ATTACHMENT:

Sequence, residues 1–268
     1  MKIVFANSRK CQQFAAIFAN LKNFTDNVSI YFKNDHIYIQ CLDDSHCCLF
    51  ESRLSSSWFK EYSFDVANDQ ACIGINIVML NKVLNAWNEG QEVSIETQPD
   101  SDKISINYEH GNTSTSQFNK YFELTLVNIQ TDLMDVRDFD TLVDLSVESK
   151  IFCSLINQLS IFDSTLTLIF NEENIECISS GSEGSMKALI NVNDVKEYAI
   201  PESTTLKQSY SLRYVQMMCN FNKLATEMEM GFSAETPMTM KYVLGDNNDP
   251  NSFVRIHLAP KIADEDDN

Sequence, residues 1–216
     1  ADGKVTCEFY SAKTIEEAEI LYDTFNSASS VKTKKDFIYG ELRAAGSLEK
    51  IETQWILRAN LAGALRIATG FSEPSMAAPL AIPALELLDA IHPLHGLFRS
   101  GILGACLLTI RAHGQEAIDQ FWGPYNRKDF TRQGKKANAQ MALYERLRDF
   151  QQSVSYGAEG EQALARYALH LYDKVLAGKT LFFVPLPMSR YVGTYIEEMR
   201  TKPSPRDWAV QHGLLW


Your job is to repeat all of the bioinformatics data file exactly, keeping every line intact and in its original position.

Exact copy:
Sequence, residues 1–268
     1  MKIVFANSRK CQQFAAIFAN LKNFTDNVSI YFKNDHIYIQ CLDDSHCCLF
    51  ESRLSSSWFK EYSFDVANDQ ACIGINIVML NKVLNAWNEG QEVSIETQPD
   101  SDKISINYEH GNTSTSQFNK YFELTLVNIQ TDLMDVRDFD TLVDLSVESK
   151  IFCSLINQLS IFDSTLTLIF NEENIECISS GSEGSMKALI NVNDVKEYAI
   201  PESTTLKQSY SLRYVQMMCN FNKLATEMEM GFSAETPMTM KYVLGDNNDP
   251  NSFVRIHLAP KIADEDDN

Sequence, residues 1–216
     1  ADGKVTCEFY SAKTIEEAEI LYDTFNSASS VKTKKDFIYG ELRAAGSLEK
    51  IETQWILRAN LAGALRIATG FSEPSMAAPL AIPALELLDA IHPLHGLFRS
   101  GILGACLLTI RAHGQEAIDQ FWGPYNRKDF TRQGKKANAQ MALYERLRDF
   151  QQSVSYGAEG EQALARYALH LYDKVLAGKT LFFVPLPMSR YVGTYIEEMR
   201  TKPSPRDWAV QHGLLW